This year has started with a bang. The first Science in the Pub was held in early January, examining the role of science in farm safety. At the beginning of this month, the Producer Updates were held in Belleville and St. Catharines, Ont.
Also this month are additional Growing Forward meetings. There are more Growing Forward meetings in February wherein producers can take the one-day workshop to be eligible for up to $10,000 in government funds to enhance their biosecurity system(s). There’s still time to register for these events; please see our website at www.poultryindustrycouncil.ca.
We’ll keep you posted throughout the year as other events unfold and look forward to another positive and busy year of research and education delivery for the poultry industry in Ontario.
Efficient evaluation for profitability
Steve Miller and Lindsay Case, University of Guelph
Body conformation is important in the turkey industry, as a substantial proportion of total production is further processed. Breast meat is the highest value component of the further processed carcass. As a result, breast meat yield has a significant effect on profitability, such that conformation and breast meat size has been a selection objective for many years. Together with substantial increases in growth rate and body size, moderate breast meat yield improvements have been achieved.
Selection for conformation has traditionally been on subjective breast conformation score (taking into account size, distribution, chest shape and spread of muscle). Using subjective measures is inherently difficult – there may be differences within and between scorers, and one scorer’s measures may change over time. Objective measures have also been used as selection criteria (including chest width, breast circumference, indentation height from keel to breast and ultrasound muscle depth).
In practice, selection criteria depend on the accuracy, speed and cost of measurements taken. In order to optimally use this type of information, the poultry industry needs a strategy that accounts for ease of measurement, cost and genetic response. Steve Miller, Ben Wood (Hybrid Turkeys) and PhD student Lindsay Case, and their research team at the University of Guelph, have been studying the use of ultrasound as a non-invasive measure of breast meat yield. Their aim is to increase the accuracy of the information used to select for breast meat yield, thereby increasing the selection response within a breeding program.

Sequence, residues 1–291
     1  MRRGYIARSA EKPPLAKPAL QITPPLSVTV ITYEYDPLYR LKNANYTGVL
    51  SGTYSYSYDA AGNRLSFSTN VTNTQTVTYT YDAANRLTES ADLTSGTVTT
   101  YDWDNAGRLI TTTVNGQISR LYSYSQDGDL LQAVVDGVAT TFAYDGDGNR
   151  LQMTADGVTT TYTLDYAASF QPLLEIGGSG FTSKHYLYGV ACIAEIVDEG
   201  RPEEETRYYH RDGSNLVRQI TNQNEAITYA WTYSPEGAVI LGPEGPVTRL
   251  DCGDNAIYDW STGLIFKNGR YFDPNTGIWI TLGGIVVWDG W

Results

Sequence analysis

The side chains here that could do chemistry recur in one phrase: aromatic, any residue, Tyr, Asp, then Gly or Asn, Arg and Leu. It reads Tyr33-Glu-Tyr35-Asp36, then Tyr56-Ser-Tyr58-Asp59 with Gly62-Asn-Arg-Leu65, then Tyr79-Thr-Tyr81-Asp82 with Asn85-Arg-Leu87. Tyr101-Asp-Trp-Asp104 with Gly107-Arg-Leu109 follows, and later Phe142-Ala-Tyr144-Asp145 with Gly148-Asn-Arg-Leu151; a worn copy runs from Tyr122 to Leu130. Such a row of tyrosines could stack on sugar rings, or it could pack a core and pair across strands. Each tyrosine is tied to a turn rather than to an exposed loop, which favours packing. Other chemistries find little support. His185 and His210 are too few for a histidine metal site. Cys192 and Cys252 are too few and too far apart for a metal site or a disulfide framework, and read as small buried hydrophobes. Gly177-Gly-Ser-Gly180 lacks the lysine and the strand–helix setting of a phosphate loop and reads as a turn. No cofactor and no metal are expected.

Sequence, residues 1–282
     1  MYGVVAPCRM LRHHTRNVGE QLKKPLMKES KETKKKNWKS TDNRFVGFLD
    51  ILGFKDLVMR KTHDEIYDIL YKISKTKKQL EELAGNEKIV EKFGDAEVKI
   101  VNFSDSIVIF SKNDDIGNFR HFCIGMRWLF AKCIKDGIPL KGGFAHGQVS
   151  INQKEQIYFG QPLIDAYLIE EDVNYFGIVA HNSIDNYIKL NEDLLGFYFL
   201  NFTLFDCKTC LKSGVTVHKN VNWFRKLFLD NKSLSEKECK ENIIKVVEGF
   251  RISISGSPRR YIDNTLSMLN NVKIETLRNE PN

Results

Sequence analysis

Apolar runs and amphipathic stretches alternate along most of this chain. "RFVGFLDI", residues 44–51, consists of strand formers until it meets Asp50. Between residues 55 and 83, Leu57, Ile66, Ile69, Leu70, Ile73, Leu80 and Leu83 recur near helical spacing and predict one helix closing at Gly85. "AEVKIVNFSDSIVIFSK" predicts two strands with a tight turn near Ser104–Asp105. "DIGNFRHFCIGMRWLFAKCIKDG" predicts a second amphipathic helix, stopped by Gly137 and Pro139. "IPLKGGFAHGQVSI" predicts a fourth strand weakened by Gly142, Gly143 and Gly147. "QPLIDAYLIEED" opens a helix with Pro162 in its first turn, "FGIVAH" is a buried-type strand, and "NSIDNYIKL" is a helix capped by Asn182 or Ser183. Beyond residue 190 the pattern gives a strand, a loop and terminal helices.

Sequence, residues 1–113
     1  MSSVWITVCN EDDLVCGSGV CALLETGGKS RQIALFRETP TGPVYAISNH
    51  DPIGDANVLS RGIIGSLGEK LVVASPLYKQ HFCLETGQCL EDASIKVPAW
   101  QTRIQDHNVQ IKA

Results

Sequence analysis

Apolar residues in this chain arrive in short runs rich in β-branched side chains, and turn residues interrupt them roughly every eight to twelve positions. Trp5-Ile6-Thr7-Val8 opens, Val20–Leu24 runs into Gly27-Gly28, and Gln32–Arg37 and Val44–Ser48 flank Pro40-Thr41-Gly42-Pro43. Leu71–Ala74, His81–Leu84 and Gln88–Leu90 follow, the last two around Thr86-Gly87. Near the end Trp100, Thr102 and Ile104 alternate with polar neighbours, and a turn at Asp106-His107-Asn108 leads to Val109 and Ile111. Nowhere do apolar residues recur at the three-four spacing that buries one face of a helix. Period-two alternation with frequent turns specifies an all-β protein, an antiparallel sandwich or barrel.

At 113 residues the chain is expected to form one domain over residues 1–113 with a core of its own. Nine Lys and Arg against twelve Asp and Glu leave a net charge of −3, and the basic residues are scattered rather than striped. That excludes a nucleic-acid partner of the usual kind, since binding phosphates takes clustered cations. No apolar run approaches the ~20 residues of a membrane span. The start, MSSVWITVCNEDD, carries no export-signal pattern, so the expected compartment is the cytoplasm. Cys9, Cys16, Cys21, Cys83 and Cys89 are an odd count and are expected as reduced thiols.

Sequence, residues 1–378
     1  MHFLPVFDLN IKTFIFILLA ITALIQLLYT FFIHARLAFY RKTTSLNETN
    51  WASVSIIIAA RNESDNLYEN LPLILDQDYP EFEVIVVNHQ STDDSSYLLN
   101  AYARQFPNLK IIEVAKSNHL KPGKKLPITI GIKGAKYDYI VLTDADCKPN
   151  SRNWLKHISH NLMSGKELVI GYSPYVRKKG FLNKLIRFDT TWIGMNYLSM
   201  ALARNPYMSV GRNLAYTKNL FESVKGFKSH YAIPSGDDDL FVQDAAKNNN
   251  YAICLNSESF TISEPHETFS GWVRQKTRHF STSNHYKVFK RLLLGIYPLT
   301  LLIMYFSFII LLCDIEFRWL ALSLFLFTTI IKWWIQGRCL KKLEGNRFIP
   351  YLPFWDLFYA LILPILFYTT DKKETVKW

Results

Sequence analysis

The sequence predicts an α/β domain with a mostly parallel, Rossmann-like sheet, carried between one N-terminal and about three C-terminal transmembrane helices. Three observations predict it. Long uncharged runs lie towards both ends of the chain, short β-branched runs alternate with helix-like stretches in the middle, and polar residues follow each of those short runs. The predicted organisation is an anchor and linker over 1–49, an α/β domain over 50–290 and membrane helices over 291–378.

Measurements were taken on 719 hens from a female breeding line and on 657 hens from a male breeding line. The research team developed a technique in which they took two ultrasound images of each bird (lengthwise and widthwise). Conformation of each bird was measured by a trained scorer, and both methods were compared for accuracy in estimating breast meat yield. Heritability of traits was also calculated.
Their findings? Ultrasound traits showed increased heritability compared to conformation score – meaning the use of this technique should enable more rapid genetic progress. Overall, the research team has shown that ultrasound technology can be useful in increasing the efficiency of breast meat yield measurement in the live turkey. The results of this study can ultimately be used to increase profitability of turkey production with downstream value benefits for the consumer.
Deborah Stacey has been with the School of Computer Science at the University of Guelph since 1988. She has been the director of the school since 2006.
Her areas of research are ontologies for software composition, simulation of disease spread in animals and the application of artificial neural networks and genetic algorithms for data analysis. Her area of teaching expertise is software design and software engineering.
She has collaborated with the Canadian Food Inspection Agency, the Public Health Agency of Canada and the United States Department of Agriculture.